Despite the fluctuating economy, nurses remain in high demand. The U.S. Bureau of Labor Statistics reports that the profession remains strong and will continue to grow faster than all occupations through the year 2020. This means that if you earn your degree, you can get a job. There are distinct advantages to getting your nursing degree at a community college that you should take into consideration before you apply.
Enrolling in a community college means you'll complete your degree in about two years, assuming you remain enrolled on a full-time basis. Unlike four-year programs that usually don't allow students to declare nursing as a major until the junior year, once you're accepted to a community college's nursing program, in most cases, you can hit the ground running. However, community college nursing programs require you to complete prerequisites such as English, math, psychology and social sciences; this might add an extra semester or year to your studies.
Community colleges charge students lower tuition and fees than four-year private or public colleges. A 2013 American Association of Community Colleges report indicated that you'll pay around $5,500 less to pursue your nursing degree at a two-year college than at a four-year college. If you qualify for financial aid, products such as the Pell Grant might cover most or all of your tuition.
If you just graduated from high school, you may be excited to move away from home to attend nursing school, but if you're a working adult with a family, moving probably isn't an option. Community colleges are situated for the specific purpose of serving a jurisdiction's higher education needs. If you live in a high-population area like New York City or Los Angeles, you'll have several community college nursing programs from which to chose. In a less populated area, you might have a short commute to get to a community college that offers nursing. Because these programs cater to adult learners, you will likely find nursing programs that offer day, evening and weekend options.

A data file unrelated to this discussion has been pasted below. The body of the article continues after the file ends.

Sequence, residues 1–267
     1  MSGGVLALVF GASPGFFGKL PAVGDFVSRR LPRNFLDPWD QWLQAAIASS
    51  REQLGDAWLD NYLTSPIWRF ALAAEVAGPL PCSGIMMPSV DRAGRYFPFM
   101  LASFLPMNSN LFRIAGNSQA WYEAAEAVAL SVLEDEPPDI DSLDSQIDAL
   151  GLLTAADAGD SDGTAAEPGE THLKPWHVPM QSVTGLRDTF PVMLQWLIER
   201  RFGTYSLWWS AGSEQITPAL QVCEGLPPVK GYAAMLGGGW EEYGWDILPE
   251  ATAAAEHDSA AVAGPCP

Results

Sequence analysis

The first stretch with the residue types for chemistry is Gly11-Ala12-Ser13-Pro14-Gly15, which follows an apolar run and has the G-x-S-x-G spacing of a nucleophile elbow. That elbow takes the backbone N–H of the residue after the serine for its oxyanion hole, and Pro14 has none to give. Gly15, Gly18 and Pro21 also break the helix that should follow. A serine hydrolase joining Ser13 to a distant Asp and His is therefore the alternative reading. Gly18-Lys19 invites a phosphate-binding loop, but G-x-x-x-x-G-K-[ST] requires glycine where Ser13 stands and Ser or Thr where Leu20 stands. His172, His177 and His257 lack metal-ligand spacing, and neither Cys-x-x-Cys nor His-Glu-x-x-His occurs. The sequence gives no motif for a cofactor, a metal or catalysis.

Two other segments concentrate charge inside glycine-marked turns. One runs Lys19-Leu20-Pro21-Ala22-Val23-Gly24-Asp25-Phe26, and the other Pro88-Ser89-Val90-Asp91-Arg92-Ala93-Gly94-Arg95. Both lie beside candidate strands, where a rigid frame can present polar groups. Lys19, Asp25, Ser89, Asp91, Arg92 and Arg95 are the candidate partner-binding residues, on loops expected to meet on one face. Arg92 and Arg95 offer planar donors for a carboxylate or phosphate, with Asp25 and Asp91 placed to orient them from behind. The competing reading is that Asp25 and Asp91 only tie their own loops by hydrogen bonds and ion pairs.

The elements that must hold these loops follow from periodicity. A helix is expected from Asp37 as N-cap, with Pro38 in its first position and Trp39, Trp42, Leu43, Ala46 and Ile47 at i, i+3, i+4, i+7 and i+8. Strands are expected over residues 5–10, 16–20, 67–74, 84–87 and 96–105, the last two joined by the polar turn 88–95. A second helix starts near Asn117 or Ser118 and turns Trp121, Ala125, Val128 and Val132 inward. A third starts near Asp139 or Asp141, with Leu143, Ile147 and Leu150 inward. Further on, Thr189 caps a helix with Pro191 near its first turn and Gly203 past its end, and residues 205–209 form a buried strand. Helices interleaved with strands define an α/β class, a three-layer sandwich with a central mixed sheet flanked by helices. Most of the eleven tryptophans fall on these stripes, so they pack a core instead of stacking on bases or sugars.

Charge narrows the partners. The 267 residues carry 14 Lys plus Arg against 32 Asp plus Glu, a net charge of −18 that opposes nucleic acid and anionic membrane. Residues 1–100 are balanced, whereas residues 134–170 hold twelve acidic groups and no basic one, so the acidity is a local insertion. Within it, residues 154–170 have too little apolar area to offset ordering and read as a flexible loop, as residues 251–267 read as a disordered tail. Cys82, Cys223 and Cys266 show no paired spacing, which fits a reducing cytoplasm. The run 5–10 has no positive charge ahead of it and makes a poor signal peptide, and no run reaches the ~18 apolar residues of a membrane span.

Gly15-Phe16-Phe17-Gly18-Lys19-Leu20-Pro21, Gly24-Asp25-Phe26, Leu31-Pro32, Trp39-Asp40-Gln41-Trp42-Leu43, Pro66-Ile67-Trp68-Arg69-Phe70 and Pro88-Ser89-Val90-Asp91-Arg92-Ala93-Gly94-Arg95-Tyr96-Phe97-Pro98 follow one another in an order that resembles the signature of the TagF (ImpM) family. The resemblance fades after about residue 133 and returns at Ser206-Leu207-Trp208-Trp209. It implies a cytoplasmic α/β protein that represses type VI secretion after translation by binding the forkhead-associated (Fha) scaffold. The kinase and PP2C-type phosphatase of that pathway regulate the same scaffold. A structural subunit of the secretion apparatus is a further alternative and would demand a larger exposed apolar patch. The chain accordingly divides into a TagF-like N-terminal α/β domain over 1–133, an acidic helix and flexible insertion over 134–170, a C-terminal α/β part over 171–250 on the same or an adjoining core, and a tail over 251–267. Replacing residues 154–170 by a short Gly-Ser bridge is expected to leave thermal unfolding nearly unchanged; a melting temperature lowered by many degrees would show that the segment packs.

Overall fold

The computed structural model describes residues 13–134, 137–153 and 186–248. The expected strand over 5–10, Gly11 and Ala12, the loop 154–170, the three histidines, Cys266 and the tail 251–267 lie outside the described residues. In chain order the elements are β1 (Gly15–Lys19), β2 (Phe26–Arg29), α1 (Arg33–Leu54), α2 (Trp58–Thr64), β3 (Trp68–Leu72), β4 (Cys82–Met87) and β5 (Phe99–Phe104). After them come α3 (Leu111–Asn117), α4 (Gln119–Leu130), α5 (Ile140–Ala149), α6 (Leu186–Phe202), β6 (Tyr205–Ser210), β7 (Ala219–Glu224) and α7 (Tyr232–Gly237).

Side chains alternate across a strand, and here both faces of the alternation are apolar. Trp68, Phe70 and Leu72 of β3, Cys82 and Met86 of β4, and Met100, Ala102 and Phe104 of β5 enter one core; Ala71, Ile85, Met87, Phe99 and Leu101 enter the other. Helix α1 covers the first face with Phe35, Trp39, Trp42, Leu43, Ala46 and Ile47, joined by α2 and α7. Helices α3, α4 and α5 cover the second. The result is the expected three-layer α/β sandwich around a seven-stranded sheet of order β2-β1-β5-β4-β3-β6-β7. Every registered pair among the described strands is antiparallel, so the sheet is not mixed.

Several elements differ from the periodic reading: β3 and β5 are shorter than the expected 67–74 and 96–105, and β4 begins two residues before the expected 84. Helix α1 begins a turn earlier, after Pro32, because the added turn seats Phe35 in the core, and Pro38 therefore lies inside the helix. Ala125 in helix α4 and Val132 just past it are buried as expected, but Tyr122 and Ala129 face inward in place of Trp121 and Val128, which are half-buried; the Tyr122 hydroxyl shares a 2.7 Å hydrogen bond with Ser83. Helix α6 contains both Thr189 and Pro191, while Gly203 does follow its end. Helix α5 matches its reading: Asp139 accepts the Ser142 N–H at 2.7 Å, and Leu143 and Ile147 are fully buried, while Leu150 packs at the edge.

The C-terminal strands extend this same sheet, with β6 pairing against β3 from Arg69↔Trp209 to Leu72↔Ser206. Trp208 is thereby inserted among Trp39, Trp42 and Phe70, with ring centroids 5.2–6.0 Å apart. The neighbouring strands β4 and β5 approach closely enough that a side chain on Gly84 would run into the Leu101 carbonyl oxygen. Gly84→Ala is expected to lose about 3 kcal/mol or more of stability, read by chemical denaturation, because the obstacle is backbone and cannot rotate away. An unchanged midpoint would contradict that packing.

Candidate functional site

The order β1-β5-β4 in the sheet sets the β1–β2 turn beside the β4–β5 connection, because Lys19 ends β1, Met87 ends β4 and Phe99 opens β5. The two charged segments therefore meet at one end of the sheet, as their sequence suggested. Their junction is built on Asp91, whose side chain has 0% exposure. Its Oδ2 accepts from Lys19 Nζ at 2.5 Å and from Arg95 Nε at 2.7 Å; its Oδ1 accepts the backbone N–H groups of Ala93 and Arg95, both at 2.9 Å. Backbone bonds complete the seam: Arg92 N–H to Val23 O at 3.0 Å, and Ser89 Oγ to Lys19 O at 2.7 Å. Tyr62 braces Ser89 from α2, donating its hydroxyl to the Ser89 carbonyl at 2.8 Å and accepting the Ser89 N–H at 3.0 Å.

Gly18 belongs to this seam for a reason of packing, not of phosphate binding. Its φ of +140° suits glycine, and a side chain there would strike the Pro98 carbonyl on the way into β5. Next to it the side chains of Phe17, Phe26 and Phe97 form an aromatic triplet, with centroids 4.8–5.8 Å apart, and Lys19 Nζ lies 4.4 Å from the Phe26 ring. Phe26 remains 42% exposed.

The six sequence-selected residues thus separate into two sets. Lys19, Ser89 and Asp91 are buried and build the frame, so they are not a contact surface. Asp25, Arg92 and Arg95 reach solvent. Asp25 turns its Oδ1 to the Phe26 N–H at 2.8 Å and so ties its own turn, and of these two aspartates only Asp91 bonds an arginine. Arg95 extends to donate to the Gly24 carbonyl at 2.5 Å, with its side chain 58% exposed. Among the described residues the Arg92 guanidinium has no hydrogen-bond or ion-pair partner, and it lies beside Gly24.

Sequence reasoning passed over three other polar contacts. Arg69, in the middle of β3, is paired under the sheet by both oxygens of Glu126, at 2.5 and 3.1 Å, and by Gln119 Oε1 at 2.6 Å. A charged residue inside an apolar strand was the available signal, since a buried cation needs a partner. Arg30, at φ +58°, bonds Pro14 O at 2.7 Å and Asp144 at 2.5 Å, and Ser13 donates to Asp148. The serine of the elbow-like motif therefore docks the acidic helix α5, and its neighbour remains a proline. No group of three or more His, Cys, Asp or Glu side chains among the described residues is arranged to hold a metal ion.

The demand for nursing education programs remains high, and the convenience and competitive pricing provided by public two-year institutions makes these programs highly sought-after by students. As a result, you might encounter tough program entrance qualifications and stiff competition among your fellow nursing school applicants. In some cases, even if you qualify for nursing school admission, you might be placed on the community college's waiting list. Keep your options open by applying to all the community college nursing programs in your area.
2016 Salary Information for Registered Nurses
Registered nurses earned a median annual salary of $68,450 in 2016, according to the U.S. Bureau of Labor Statistics. On the low end, registered nurses earned a 25th percentile salary of $56,190, meaning 75 percent earned more than this amount. The 75th percentile salary is $83,770, meaning 25 percent earn more. In 2016, 2,955,200 people were employed in the U.S. as registered nurses.